The Court of Appeal, in allowing the appeal, said that there was a conflict between two public interests, namely, the plaintiffs' right to protect their internal, confidential documents and their copyright in them and the public's entitlement to information which raised serious doubts about the reliability of an instrument which was providing the sole evidence on which members of the public had been or were being prosecuted; and that in actions for breach of confidence, the defence of disclosure in the public interest, where there was a just cause or excuse for breaking confidence, did not depend on any 'iniquity' on the part of the plaintiffs. Accordingly, defendants in interlocutory proceedings had to satisfy the court that there was a serious defence of public interest that might succeed at the trial and did not have to show that the plaintiffs were guilty of iniquitous conduct; that the information contained in the documents was so important to the public as to outweigh the plaintiffs' interests, and that accordingly, the court was entitled to overrule the judge's exercise of discretion. I place some particular stay by the decision of the Court of Appeal and the manner in which rights were balanced in that case.
Another important matter which has been put before the court is what test is to be applied at the interlocutory stage where there is an application to restrain publication. Whilst the standard test for the granting or the withholding of an interlocutory injunction is that which has been set out in the Campus Oil decision numerous times and repeated numerous times, (although recently slightly refined in the public law area by the Supreme Court in the decision in Okunade v. Minister for Justice  IESC 49) there is, I think, the test which I say applies, as urged upon me by the 'Sunday Times', set out by Irvine J. in Murray v. Newsgroup Newspapers Ltd.  IEHC 248 in the following terms:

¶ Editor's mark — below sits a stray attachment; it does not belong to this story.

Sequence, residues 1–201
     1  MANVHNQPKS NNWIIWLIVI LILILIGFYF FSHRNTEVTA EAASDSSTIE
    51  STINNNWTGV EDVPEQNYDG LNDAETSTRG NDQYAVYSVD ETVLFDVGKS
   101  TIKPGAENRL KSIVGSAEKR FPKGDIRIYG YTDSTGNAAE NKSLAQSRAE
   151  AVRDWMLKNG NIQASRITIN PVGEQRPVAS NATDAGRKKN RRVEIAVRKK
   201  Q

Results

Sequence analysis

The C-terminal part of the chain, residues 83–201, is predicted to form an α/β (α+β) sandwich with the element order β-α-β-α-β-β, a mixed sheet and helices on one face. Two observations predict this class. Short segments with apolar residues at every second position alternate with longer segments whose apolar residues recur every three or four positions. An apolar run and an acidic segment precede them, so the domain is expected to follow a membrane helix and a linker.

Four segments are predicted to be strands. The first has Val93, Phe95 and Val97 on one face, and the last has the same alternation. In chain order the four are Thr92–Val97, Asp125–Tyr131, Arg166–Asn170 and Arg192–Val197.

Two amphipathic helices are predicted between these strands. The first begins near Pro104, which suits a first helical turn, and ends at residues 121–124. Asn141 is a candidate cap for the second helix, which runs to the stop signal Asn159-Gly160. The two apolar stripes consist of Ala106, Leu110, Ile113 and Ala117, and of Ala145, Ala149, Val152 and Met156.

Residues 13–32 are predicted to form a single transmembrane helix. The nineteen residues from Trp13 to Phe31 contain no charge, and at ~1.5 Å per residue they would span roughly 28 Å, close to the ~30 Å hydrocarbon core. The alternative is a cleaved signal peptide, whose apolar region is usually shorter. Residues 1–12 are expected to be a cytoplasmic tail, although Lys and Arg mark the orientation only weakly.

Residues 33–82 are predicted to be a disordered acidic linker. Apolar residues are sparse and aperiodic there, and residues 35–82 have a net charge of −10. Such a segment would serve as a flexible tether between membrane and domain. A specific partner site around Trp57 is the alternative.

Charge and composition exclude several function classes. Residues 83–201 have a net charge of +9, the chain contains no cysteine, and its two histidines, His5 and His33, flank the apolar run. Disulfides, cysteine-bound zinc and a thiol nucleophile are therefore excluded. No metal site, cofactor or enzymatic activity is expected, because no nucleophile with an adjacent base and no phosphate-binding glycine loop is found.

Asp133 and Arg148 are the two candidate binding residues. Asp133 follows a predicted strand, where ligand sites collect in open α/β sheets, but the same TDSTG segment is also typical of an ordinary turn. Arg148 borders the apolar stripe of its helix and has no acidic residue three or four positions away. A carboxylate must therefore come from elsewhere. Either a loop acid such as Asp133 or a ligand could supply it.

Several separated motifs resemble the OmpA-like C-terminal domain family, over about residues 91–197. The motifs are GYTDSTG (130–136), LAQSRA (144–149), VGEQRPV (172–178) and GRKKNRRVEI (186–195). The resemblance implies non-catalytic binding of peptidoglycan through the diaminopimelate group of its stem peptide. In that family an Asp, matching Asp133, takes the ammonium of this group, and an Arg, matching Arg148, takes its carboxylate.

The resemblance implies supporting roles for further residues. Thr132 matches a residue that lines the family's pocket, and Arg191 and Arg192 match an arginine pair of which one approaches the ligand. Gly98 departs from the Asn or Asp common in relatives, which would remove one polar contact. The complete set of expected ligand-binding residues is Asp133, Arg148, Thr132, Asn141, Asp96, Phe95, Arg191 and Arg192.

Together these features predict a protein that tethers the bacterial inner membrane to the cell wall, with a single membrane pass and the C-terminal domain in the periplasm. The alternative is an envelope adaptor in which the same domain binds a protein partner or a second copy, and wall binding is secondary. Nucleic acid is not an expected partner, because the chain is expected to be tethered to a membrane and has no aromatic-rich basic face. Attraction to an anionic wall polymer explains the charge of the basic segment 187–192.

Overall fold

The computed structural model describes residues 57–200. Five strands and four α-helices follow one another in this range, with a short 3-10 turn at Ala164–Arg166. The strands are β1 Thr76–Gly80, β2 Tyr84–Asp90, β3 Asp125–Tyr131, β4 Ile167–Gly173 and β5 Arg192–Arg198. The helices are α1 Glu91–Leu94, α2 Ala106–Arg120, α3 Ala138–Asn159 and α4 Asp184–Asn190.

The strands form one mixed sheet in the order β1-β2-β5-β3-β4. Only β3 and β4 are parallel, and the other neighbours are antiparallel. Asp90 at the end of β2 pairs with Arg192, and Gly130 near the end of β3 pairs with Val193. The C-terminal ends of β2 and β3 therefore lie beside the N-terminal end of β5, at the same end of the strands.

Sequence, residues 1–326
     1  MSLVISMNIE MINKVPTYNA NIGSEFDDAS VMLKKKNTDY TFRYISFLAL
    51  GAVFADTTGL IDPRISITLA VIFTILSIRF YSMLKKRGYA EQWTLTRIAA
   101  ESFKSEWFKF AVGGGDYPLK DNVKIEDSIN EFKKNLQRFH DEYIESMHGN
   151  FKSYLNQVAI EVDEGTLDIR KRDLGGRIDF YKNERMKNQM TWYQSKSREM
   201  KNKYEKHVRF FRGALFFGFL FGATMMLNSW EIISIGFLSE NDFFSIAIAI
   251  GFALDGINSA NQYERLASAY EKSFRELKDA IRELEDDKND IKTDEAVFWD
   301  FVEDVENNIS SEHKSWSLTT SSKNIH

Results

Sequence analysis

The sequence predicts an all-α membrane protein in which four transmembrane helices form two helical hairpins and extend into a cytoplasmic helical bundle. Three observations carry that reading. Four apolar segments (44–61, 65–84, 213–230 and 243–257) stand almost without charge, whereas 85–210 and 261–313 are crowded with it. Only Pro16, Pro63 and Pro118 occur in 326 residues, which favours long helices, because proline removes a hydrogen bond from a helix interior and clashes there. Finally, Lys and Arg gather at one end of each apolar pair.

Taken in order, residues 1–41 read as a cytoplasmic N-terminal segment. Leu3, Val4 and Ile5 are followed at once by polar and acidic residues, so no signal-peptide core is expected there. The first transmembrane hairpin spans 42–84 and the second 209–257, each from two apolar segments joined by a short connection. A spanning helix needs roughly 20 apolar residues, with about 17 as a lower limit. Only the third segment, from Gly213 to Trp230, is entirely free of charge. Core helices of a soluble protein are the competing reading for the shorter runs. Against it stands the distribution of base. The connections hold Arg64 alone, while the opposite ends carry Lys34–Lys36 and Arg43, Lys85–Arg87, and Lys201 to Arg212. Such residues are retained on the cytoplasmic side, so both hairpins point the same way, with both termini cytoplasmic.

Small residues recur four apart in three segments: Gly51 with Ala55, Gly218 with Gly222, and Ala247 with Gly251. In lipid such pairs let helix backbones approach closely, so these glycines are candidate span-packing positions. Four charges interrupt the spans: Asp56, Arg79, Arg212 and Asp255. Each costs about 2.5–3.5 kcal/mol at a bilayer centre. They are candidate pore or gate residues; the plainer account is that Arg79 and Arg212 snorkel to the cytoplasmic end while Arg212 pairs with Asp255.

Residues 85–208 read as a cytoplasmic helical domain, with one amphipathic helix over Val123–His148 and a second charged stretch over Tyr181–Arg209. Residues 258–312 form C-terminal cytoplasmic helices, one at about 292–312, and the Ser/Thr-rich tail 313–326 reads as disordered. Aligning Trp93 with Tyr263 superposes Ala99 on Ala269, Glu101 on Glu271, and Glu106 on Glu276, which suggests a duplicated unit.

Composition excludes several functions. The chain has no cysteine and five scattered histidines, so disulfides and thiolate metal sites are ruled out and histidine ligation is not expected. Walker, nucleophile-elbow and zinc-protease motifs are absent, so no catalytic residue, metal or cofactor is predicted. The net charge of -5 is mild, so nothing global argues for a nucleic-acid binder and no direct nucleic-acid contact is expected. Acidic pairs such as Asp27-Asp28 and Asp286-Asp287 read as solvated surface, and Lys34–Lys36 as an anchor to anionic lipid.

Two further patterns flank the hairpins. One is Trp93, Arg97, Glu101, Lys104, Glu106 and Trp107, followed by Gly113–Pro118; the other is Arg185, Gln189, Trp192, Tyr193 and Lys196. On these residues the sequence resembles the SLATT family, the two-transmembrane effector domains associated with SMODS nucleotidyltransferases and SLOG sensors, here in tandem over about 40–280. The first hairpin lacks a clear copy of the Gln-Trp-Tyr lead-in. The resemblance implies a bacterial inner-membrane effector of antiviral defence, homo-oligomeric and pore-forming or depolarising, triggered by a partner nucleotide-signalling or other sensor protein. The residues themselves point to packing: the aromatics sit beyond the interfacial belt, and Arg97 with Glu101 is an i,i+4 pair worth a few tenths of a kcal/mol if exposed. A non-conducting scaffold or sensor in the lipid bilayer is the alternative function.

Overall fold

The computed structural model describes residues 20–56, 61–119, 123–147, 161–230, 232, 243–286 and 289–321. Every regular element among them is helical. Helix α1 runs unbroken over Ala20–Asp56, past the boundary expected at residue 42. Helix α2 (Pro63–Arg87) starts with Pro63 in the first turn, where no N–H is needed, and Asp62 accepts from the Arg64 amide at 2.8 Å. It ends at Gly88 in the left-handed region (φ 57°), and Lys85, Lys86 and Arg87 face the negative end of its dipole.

I think that is the proper test which applies to the determination of the application to restrain publication which is before the Court today.
"In cases where freedom of expression is sought to be restricted by an interlocutory order I am satisfied that the plaintiff is required, as Kelly J. said in Foley v. Sunday Newspapers Ltd.  1 I.R. 88, "to demonstrate, by proper evidence, a convincing case to bring about a curtailment of the freedom of expression of the press". In my view this is the same as saying that the plaintiff must demonstrate at an interlocutory application that he is likely to establish at the trial of the action that the publication complained of should not be allowed."
On behalf of the plaintiffs, it is urged upon the Court that irreparable harm will be done to the plaintiffs and the harm said to happen and which I think is not gainsaid by the 'Sunday Times' in this case, is that first and foremost the confidence which they have will be lost. I accept that the plaintiffs have established that that is the damage they will suffer.